Yesterday we featured a couple of Roger Cook's musical ventures ... first as a recording artist ... (along with partner Roger Greenaway, Cook was one half of The British Duo David and Jonathan, who scored a Top 20 Hit with their rendition of The Beatles' classic "Michelle" in 1966) ... and then as a songwriter ... (we cast the spotlight on Roger's 1967 rare instrumental hit "I Was Kaiser Bill's Batman", released by Whistling Jack Smith.)
We also gave you a list of some of the OTHER songs that Roger Cook had a hand in writing and producing ... a VERY impressive list indeed.
Today, thanks to Roger's INCREDIBLE website:
Click here: Who is Roger Cook - Songwriter ?
we've constructed a Roger Cook Time Line, spotlighting some of the highlights of his illustrious career.
8/19/1940 - Roger Frederick Cook is born
1958 - Thanks to a teenage crush, Roger composes his first song, "Judy My Darling". Later that year, he forms his first singing group, The Sapphires, who go on to win a National Talent Competition. This recognition allows them to tour U.K. Cabarets and U.S. Air Bases. Before the year is over, The Sapphires record their first (and only) LP.
The Early '60's find Roger Cook working successfully as a pantomime artist!
1965 - Cook is asked to join Roger Greenaway's group The Kestrels, which also includes singer Tony Burrows. Backstage in a dressing room one night, Cook and Greenaway write their very first song together. That song ... "You've Got Your Troubles" will go on to become a HUGE International Top Ten Hit for The Fortunes before the year is over. Later that year, The Kestrels disband after Burrows decides to pursue a solo career. The two Rogers (Cook and Greenaway) continue to earn a living by singing background on a number of recording sessions for other artists like Tom Jones and Billy Fury. Meanwhile, songs written by the songwriting team of Cook and Greenaway continue to be recorded by a variety of British artists like Petula Clark.
July, 1965 - After Beatles' Producer George Martin hears the original demo that Roger and Roger recorded for "You've Got Your Troubles", he suggests that they might want to consider a recording career of their own. His wife Judy comes up with the name "David And Jonathan" for the duo. (Why "Roger and Roger" wouldn't work is anybody's guess!!!) A couple of minor single releases follow without much chart success. The duo also continue to provide background vocals on other artists' recordings. (One of those recordings is Peter Sellers' version of The Beatles' "A Hard Day's Night", also produced by George Martin.)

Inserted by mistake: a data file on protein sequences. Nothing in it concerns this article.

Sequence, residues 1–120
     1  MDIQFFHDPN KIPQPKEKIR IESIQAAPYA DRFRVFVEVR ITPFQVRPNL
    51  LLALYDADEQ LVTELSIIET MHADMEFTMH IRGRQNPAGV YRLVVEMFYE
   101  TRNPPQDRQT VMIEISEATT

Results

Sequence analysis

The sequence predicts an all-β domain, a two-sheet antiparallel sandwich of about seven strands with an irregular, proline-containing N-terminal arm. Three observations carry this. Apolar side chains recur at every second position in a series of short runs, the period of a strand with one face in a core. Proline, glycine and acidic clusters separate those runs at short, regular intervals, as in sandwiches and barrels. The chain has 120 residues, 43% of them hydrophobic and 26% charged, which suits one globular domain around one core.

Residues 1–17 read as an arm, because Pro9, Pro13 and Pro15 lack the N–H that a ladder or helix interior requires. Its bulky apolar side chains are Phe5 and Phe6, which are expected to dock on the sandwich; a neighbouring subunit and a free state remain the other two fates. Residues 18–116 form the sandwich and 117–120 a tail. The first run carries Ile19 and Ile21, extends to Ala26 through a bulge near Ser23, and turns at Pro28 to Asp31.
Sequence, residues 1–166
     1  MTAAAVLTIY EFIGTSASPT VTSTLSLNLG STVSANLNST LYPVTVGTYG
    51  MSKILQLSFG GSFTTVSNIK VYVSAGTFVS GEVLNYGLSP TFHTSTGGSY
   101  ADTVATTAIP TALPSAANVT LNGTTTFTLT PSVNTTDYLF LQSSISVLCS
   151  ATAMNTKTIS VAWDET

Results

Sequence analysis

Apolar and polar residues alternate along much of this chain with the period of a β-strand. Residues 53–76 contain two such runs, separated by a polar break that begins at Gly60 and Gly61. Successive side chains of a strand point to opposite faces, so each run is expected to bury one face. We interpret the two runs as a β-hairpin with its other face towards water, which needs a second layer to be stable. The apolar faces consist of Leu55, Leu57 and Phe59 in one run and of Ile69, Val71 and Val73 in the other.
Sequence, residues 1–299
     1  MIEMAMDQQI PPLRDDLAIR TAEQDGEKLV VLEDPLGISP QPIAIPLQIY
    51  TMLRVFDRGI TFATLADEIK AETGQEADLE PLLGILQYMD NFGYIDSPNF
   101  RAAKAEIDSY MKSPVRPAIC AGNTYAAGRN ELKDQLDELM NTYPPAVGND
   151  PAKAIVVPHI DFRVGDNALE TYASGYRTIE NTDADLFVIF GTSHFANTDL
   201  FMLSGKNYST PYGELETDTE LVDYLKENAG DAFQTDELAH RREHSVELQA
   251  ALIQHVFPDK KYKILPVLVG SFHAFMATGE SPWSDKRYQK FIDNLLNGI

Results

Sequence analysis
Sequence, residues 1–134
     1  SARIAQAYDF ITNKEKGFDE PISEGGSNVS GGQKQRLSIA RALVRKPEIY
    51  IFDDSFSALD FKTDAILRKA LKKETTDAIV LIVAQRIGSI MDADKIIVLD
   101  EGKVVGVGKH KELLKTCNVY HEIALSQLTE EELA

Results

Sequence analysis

1966 - In January, David and Jonathan record "Michelle" ... days later, they perform the song on the popular British music television series "Ready, Steady, Go". Soon they are on their way to The United States for a series of radio and TV appearances, accompanied by George Martin. The following month, they release their first album, (also produced by Martin), which includes The Beatles' songs "Michelle" and "Yesterday". Later that year, Gary Lewis and the Playboys score a Top Ten Hit with the duo's "Green Grass". Meanwhile, David and Jonathan are on tour as one of the opening acts for Herman's Hermits. By year's end, they have written and recorded radio spots for Coca Cola along with artists like The Fortunes, The Troggs and The Tremeloes.
1967 - The duo's second LP release (as David and Jonathan) is their Greatest Hits album, released in Germany only! Their songs continue to be interpreted by a wide variety of artists, including Nancy Wilson, Gene Pitney, Cliff Richard and Brenda Lee. Here in The States, Whistling Jack Smith scores a Top 20 with "I Was Kaiser Bill's Batman", a tune we featured yesterday in Forgotten Hits.
(BTW ... DIDJAKNOW?: The original title of "I Was Kaiser Bill's Batman" was "Too Much Bird Seed".) David and Jonathan mine the Lennon - McCartney well one more time when they release their version of "She's Leaving Home" that summer. Later that year, they recorded the original version of "Softly Whispering I Love You", which would go on to become a Top 30 U.S. Hit five years later for The English Congregation.
1968 - David and Jonathan announce the end of their recording career, stating that they will continue to work together writing songs for other artists. Meanwhile, Cook takes a stab at a solo career, releasing his version of Elton John's "Skyline Pigeon" as Roger James Cooke.
1969 - Madeline Bell is asked to add her vocals to a new recording by Blue Mink. Roger Greenaway is also approached, but declines the offer, suggesting they contact Roger Cook instead. Soon, Cook and Bell are singing together as Blue Mink on the first of seven British chart hits.
1970 - Roger Cook and Roger Greenaway are awarded The "Best Radio Jingle Of The Year" award for "In Between The Heartaches and The Crying ", performed in a Coca Cola ad campaign by Ray Charles. Later that year Roger Greenaway teams up with old pal Tony Burrows to form The Pipkins, who hit it big here in The States with their novelty song "Gimme Dat Ding" (#7, Cash Box). Around the same time, Burrows, Greenaway and Cook are climbing the charts as White Plains with their Top Ten Hit "My Baby Loves Lovin'". In fact, after a not very successful
career as a solo artist, Tony Burrows is suddenly ALL over the radio, ghost-singing lead vocals as The Pipkins (Gimme Dat Ding), Edison Lighthouse (Love Grows), The Brotherhood Of Man (United We Stand), White Plains (My Baby Loves Lovin') and later First Class (Beach Baby)!!! Meanwhile, Cook continues to score U.K. hits with Blue Mink. In their "spare time", Cook, Burrows and Madeline Bell also add their voices to Elton John's latest LP.